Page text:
While many people think of the Western Rail Yard as an empty piece of land occupied by tracks, the site currently has an important use that will be displaced by the proposed development. Greyhound Lines, the Long Island Railroad and the New York City Department of Sanitation all use a portion of this site to park a significant number of buses and cars. It is clear to anyone who has visited this area that there is already a severe traffic problem in both Chelsea and Clinton-Hell's Kitchen. Specifically, Clinton-Hell's Kitchen and the other areas affected by Lincoln Tunnel traffic are inundated with charter, jitney, and New Jersey Transit buses that wander up and down and park on the residential streets. This is why I have been a strong supporter of a planned Port Authority Bus Storage Facility to be constructed near the Port Authority Bus Terminal that will take some of the New Jersey Transit buses that presently lack a garage off our streets. Unfortunately, current plans for the facility are underwhelming and many buses and vans will not be given a home there. All of us on the West Side are very supportive of public transportation, but accommodations must be made for buses and vans both before and after they have dropped off their passengers in our neighborhood. The DSEIS must study the effects of the lost parking spots at this site, especially the Greyhound buses, and it must go beyond noting the increased need for bus parking and suggesting minimal changes to parking regulations and traffic lights, as so many environmental studies do. The increased traffic from the development on the Western Rail Yard, when combined with the dislocated Greyhound Lines buses, will create an intolerable condition that must not be allowed without significant mitigations.

Before we consider other mitigations that will be required to accommodate this development, the ones identified as necessary in the Hudson Yards Final Generic Environmental Impact Statement (FGEIS) must be reconciled. The Western Rail Yard development joins Block 675 to the south in diverging from what was studied in the Hudson Yards FGEIS, and in both cases, the changes bring thousands of additional residents and/or visitors with a wide range of needs to the area. The mitigations identified in the FGEIS but thus far not accounted for include a new firehouse and day care center, along with two substations and a transmission substation for ConEd. In addition, I suspect that even with the new public elementary/intermediate school planned for the Western Rail Yard, additional school capacity will be needed. A lesson learned from the current fight over school overcrowding is that it is exceedingly difficult to find locations to house new public facilities, and it behooves us in government to plan for the future so that we do not have to backtrack once this neighborhood has been established.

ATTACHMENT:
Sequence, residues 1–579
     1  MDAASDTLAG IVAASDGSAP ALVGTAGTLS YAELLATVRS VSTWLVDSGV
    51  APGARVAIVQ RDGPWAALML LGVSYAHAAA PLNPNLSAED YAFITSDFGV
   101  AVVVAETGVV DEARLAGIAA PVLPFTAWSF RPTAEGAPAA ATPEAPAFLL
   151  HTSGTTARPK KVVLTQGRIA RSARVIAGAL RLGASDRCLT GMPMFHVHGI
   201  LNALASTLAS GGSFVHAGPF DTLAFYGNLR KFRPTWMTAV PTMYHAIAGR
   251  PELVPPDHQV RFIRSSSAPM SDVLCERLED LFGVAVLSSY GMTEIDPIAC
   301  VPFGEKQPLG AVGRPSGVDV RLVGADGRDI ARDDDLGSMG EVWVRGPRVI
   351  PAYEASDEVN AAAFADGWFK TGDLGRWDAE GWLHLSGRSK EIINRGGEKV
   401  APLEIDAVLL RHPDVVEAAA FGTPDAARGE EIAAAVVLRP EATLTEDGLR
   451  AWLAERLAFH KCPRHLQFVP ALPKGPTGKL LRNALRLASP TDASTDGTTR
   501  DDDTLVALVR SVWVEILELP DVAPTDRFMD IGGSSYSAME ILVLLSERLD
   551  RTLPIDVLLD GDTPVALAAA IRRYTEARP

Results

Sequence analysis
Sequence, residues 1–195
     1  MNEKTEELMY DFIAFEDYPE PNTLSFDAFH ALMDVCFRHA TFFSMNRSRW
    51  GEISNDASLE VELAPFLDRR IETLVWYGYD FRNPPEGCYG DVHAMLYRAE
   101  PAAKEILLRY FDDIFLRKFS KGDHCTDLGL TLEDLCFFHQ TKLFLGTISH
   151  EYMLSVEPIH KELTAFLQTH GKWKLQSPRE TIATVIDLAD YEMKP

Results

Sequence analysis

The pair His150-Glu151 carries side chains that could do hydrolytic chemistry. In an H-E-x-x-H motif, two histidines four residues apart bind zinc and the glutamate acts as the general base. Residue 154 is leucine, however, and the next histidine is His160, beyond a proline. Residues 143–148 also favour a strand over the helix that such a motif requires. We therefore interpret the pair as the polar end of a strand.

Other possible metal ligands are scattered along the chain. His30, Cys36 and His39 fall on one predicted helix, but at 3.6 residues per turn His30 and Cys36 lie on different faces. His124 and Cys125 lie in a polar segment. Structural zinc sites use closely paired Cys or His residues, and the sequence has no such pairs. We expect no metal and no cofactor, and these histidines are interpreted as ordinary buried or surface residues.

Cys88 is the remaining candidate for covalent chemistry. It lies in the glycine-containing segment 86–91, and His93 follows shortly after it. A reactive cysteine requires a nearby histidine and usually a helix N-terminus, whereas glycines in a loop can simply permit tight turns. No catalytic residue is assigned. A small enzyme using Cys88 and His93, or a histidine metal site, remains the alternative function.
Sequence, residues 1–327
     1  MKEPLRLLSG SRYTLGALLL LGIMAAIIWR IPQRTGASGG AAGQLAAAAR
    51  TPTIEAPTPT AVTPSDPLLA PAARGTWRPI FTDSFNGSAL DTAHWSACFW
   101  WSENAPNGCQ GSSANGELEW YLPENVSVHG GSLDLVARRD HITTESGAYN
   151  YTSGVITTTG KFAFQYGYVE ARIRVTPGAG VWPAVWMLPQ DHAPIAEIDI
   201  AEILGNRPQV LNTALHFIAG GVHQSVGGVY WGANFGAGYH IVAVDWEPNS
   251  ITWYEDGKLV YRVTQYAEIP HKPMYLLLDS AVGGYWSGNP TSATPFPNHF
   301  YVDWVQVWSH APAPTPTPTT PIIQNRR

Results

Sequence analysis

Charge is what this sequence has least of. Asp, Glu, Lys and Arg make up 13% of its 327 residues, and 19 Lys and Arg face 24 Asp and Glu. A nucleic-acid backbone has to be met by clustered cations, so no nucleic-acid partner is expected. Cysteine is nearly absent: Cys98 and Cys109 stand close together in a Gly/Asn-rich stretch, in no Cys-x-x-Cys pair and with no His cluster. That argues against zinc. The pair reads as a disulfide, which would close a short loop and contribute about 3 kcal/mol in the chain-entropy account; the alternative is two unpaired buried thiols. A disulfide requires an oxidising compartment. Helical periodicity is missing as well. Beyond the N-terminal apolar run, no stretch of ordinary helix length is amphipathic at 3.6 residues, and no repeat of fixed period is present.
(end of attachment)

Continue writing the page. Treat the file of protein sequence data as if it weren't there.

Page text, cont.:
I suspect that the DSEIS will identify significant mitigations necessary to offset the enormous number of people who will live and visit this site if it is constructed as presented. The effect of approximately 6 million square feet of development on that size lot is hard to conceptualize. Further, when combined with the enormous development planned on the Eastern Rail Yard, and the very large-scale development likely on Block 675, the sheer number of people and scale of the buildings will be unprecedented in our City. I sincerely hope, for both Related and the MTA's financial sake, and even more the sake of the people who live and work in and around the area now and in the future, that this scale does not produce an uninhabitable environment.

In these uncertain economic times, it is heartening that a project of this magnitude is still moving forward. I know that this deal is crucial to the MTAfs future fiscal solvency, though it should not be the case that land deals have to make up for the inexcusable lack of government aid to a necessary public good like mass transportation. I am encouraged that Related Companies, a frequent developer in my district and one that embraces some of my same priorities, will be developing the parcel. I would also like to acknowledge the members of CB4 and the Hudson Yards Community Advisory Committee for their exhaustive attention to this issue and their extensive comments on the Draft Scope.

Thank you for allowing me this opportunity to comment on the Draft Scope. I appreciate your consideration of my concerns and suggestions as the Western Rail Yard project moves through the approvals process.